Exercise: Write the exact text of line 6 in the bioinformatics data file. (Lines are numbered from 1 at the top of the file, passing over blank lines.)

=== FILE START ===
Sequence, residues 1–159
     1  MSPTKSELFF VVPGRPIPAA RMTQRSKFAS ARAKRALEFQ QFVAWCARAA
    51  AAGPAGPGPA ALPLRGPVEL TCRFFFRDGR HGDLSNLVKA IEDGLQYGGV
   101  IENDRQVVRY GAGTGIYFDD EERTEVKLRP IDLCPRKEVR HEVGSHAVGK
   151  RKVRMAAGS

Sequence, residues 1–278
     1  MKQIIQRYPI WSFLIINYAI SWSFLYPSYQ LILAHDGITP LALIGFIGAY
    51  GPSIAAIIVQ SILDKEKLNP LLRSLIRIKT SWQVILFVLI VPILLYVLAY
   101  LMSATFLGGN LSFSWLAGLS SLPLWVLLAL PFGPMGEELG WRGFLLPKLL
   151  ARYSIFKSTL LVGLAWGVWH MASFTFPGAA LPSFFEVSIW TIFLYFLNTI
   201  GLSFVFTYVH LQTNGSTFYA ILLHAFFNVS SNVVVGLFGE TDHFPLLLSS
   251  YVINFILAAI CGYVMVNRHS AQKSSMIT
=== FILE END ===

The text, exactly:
Sequence, residues 1–278